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The government added fewer jobs in September, primarily because of less job creation by states, according to the payroll data of the National Pension System. As many as 32,429 jobs were created by the Centre and states in August. This fell by 8.4% to 29,697 in September.

The Centre’s contribution fell by less than 1%, while new jobs at the state level fell 9.7% month-on-month. States, which had reported growth in new employment additions for two straight months, reported fewer jobs from 26,084 in August to 23,559 in September, the payroll data showed.

“Government job creation this financial year was growing for the last four months, beginning May at the central level. However, it fell in September, almost coinciding with the government’s decision to not create new jobs," said a government official requesting anonymity.

The fall in new government jobs in September, the month for which the latest data is available, is because of the government’s decision to curb expenses following the economic slowdown in the country that came about as a result of the coronavirus outbreak, said economists and experts.

“State finances are not in a great position. The revenue-earning capacity is low because of the pandemic’s impact on businesses and this must be putting pressure on states to go slow on new recruitments. The central government’s announcement in September to pause the creation of new positions has a cascading impact on states as they must have weighed the merit of cost-cutting and delayed hiring for permanent positions," said K.R. Shyam Sundar, a labour economist.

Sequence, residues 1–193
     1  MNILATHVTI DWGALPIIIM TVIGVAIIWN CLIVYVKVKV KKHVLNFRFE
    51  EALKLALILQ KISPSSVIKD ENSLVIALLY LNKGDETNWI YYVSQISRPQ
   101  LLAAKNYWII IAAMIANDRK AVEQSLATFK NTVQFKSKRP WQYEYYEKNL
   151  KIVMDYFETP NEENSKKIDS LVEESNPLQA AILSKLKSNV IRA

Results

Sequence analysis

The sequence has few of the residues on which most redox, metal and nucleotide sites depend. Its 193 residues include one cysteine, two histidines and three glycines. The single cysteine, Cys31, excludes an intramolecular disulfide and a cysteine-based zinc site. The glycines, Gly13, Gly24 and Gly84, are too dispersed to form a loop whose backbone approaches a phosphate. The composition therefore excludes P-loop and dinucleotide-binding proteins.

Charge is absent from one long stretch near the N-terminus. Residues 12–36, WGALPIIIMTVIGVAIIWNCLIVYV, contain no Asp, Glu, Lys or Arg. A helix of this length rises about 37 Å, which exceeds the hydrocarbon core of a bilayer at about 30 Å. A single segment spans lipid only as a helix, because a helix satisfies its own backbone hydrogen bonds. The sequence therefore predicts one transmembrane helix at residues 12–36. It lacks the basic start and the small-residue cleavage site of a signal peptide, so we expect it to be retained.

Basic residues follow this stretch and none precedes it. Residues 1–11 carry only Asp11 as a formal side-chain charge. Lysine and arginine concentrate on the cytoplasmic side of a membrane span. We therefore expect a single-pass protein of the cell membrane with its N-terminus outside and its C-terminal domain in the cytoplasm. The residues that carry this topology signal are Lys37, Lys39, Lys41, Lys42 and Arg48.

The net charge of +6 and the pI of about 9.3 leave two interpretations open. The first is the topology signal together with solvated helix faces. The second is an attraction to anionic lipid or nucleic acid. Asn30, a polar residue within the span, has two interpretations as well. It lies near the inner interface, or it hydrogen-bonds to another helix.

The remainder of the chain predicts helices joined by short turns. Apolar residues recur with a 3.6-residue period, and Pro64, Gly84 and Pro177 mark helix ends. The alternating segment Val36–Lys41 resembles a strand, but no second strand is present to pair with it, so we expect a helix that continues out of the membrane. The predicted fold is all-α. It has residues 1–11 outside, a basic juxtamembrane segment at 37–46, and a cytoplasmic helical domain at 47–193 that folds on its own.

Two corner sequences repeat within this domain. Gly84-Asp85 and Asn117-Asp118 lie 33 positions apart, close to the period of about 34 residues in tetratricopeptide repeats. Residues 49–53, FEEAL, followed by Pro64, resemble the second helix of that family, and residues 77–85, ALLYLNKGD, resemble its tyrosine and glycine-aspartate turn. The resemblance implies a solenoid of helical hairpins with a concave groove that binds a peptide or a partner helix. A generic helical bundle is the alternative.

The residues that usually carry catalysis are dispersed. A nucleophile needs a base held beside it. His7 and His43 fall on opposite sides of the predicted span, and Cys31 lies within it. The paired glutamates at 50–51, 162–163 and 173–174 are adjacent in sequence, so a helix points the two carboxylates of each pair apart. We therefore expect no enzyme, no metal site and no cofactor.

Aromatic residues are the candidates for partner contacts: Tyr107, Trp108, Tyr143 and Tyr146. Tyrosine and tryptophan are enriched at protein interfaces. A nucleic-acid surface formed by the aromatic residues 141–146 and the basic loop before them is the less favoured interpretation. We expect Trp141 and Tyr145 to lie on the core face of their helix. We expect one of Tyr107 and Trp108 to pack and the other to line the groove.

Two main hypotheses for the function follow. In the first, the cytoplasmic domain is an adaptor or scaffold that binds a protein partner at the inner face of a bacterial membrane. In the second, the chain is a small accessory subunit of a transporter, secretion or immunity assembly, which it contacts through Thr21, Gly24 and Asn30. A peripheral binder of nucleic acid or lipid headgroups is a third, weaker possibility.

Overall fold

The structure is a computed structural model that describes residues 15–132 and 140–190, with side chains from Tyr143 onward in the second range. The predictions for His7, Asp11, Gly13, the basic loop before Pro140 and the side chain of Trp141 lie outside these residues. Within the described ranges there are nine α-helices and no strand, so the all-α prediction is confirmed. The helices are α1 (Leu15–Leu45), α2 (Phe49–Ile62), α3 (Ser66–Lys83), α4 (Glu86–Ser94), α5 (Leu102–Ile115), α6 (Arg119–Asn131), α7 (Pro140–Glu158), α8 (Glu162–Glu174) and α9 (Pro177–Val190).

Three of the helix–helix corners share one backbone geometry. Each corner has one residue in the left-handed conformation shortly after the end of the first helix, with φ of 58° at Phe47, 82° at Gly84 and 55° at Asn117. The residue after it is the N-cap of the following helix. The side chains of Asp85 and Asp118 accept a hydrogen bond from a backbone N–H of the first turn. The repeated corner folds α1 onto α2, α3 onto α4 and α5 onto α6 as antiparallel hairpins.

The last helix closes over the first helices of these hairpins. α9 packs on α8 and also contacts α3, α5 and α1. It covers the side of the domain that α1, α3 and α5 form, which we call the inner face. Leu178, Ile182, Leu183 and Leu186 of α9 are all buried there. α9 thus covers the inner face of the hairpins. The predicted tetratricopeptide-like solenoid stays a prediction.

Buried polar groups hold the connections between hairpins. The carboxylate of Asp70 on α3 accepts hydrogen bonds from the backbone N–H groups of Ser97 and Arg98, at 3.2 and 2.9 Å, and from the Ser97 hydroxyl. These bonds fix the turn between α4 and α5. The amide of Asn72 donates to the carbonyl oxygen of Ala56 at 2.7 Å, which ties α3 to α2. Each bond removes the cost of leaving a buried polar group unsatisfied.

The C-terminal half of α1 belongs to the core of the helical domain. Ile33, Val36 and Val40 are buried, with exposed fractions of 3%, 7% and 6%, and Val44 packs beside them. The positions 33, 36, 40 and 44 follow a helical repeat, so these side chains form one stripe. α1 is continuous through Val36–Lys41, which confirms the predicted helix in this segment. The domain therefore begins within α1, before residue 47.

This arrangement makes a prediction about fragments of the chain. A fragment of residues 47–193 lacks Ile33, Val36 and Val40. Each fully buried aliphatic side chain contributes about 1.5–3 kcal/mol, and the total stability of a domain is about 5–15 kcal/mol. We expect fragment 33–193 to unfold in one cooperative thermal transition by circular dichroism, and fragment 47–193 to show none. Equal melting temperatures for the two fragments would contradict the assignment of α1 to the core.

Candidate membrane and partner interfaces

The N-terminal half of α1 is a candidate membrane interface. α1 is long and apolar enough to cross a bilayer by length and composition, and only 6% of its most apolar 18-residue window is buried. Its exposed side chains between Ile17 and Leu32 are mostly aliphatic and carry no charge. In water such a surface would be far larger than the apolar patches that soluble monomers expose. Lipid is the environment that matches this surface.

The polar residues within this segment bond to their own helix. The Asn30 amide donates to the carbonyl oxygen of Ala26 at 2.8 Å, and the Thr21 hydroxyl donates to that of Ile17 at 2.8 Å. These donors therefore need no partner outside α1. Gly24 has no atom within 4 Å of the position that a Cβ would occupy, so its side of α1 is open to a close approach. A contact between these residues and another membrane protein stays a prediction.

“Yes, GST (goods and services tax) collection has picked up in September marginally and October visibly, but the collections were consistently low for five months since April, compared with the same period of last fiscal year. The labour market impact arising out of economic reasons always comes with a lag, hence, you are seeing the fall. You will continue to see muted growth in government job creation at least for the next few months," he said.

Shyam Sundar said that this will add to the existing employment challenges, especially for white-collar jobs.

GST collections in October stood at more than 1.05 trillion, crossing the 1 trillion mark for the first time since February, according to official data.

Prem Chand, general secretary, Indian Public Service Employees Federation, said the governments both at the Centre and state are gradually shifting to contract work to reduce cost.

“Instead of permanent jobs, authorities are going for short-term contract work and outsourced work. At the central ministries and departments, you can see a lot of low-paid contract workers in recent times, and even the support staff for top bureaucrats are privately sourced. Besides, replacement hiring after superannuation of employees are not happening proportionately," added Chand.

Shyam Sundar said while contract work cannot be termed as decent job opportunities due to lower salary and insufficient benefits, the subdued growth in government job creation will push a lot of people off the labour market. “People going off the labour market is a bigger worry as it leads to low labour force participation rate… hampers personal growth, family income and overall economic growth," he added.

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